Event support amounts to 70% of costs that are “directly necessary” for the event, up to a maximum of SEK17.5 million (€1.7m). The support applies to events that would have taken place between 1 June, 2021 and 31 March, 2022.

 


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European markets tighten rules on indoor events

A number of key European markets have tightened restrictions on live music in a bid to combat the new Omicron variant of coronavirus.

In Belgium, music venues are to be shuttered and all indoor mass events are prohibited until at least 28 January.

Outdoor events are permitted to take place but social distancing must be maintained and masks are required. Events with more than 100 visitors must have a one-way circulation plan and a separate entrance and exit.

The new rules were introduced on 26 December 2021. Previously, indoor events in Belgium could take place with a seated and masked audience of no more than 200 people.

In Sweden, indoor events with between 20 and 500 attendees that don’t require vaccinations certificates must now be seated. For events with more than 500 participants, vaccinations certificates and social distancing are required.

In Belgium, music venues are to be shuttered and all indoor mass events are prohibited until at least 28 January

Groups must be able to keep a distance of at least one meter sideways and forwards and backwards from other groups. If a group is larger than eight people, the organiser must divide the party with a maximum of eight participants in each.

The restrictions were introduced on 23 December and the effect will be evaluated on an ongoing basis.

In Wales, large events are prohibited with maximum numbers of 30 at an indoor event and 50 outdoors. Nightclubs must close.

The NHS Covid Pass is needed for entry to concert halls and many other venues. Face masks are still required in most public places.

In Northern Ireland, as of 26 December, indoor standing events are not permitted

In Northern Ireland, as of 26 December, indoor standing events are not permitted. For outdoor and indoor events, either proof of vaccination, a negative lateral flow test or proof of recovery from Covid-19 is required.

In France, as of yesterday (3 January), indoor events are limited to 2,000 capacity and outdoor gatherings are restricted to 5,000 people, while nightclubs will remain closed until further notice.

The government said on 17 December it will present a bill early next year to change the French health pass into a vaccination pass. That means people will have to be vaccinated in order to enter music venues and many other leisure and entertainment facilities.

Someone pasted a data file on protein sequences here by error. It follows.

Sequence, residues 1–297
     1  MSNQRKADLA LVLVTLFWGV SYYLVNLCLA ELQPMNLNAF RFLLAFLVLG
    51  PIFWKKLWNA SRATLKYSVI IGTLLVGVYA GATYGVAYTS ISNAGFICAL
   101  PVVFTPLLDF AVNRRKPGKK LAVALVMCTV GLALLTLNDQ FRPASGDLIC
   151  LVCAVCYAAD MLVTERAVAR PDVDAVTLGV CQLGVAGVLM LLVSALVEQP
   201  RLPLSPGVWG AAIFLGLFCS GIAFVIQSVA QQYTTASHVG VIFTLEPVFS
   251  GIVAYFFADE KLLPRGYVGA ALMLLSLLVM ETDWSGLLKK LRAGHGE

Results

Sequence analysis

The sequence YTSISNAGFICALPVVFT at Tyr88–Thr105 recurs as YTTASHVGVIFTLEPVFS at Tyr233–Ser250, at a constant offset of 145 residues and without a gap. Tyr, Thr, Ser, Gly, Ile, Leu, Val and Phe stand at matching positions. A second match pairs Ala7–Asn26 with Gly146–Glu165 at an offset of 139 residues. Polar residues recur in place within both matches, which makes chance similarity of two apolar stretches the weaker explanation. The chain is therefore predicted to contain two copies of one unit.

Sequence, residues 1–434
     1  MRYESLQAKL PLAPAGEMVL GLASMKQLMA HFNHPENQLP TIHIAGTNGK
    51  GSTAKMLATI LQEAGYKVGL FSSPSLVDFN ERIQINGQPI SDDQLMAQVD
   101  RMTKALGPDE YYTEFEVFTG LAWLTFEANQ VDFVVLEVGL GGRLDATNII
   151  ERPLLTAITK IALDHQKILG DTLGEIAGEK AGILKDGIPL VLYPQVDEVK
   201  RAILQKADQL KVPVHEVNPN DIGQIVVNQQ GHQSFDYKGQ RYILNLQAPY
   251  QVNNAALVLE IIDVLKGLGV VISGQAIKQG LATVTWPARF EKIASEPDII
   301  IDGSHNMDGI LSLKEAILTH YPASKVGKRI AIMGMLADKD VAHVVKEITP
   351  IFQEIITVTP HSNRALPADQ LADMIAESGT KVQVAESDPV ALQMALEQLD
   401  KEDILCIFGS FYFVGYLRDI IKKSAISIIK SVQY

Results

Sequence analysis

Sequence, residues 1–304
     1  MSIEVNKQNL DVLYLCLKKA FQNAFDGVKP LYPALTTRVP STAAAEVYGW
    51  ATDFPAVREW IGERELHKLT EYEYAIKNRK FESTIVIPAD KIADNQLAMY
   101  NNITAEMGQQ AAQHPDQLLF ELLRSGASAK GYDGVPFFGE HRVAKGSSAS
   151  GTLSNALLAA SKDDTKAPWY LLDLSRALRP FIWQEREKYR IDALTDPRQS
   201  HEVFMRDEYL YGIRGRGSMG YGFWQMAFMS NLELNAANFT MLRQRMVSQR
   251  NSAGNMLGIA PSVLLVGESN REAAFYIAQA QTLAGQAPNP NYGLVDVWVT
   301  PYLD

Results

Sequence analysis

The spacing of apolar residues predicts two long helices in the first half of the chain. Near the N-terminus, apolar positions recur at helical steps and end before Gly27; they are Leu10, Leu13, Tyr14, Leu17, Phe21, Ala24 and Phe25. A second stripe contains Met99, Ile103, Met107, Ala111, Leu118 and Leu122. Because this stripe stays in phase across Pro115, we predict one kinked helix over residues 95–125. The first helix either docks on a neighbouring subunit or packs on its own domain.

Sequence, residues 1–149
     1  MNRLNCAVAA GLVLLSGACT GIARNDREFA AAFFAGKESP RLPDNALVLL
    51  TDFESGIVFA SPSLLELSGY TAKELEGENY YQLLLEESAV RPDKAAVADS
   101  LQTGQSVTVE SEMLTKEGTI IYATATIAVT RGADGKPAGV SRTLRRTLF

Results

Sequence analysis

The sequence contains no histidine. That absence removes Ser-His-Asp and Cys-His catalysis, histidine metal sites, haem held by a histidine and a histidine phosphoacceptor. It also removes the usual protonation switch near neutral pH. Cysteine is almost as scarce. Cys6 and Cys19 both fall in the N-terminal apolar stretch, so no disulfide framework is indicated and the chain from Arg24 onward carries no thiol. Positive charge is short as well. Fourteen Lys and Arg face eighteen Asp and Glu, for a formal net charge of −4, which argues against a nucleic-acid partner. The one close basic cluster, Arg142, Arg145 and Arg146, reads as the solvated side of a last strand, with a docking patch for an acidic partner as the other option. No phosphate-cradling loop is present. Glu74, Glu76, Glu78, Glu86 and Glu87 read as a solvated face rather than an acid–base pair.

Under the current rules, a recent negative test can serve as a health pass even without vaccination.

See a full overview of the latest live music restrictions affecting key European markets here.

 


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New coronavirus curbs sweep Europe

Coronavirus curbs are being reintroduced around Europe as governments bid to combat the spread of the omicron variant.

Portugal has announced it will close bars and nightclubs from 26 December and limit outdoor gatherings to 10 people, while Germany is to close nightclubs from 28 December. Football matches will be played behind closed doors from that date, with private gatherings restricted to 10 people.

In Catalonia, concert halls and clubs have been closed, while Sweden is introducing new Covid measures from tomorrow (23 December), when vaccination certificates will be required for public gatherings and indoor events of more than 500 people. Participants must have a designated seat and 1m social distancing will be imposed. Groups must be limited to eight people.

The Swedish government has allocated SEK120 million (€11.7m) to the cultural sector, with the details to be finalised in the January budget.

It is absolutely crucial that in a difficult time we create security and support our cultural life

Elsewhere, Denmark has agreed to reopen a number of compensation schemes, including funds for smaller venues and artists.

“It is absolutely crucial that in a difficult time we create security and support our cultural and sports life,” said culture minister Ane Halsboe-Jørgensen.

“Among other things, we ensure assistance to cultural institutions that may cancel or postpone a production due to the restrictions. This will ensure better coverage for cancelled events.”

The reopened compensation schemes came into effect from 19 December and are welcomed by Dansk Live.

“Under the circumstances, it’s a good deal,” says Esben Marcher, the trade body’s head of secretariat. “We feel that they have really listened to us and we really appreciate that.”

The BBC is reporting that Northern Ireland nightclubs, which were the last in the UK to reopen on 31 October, will have to close once more from 27 December.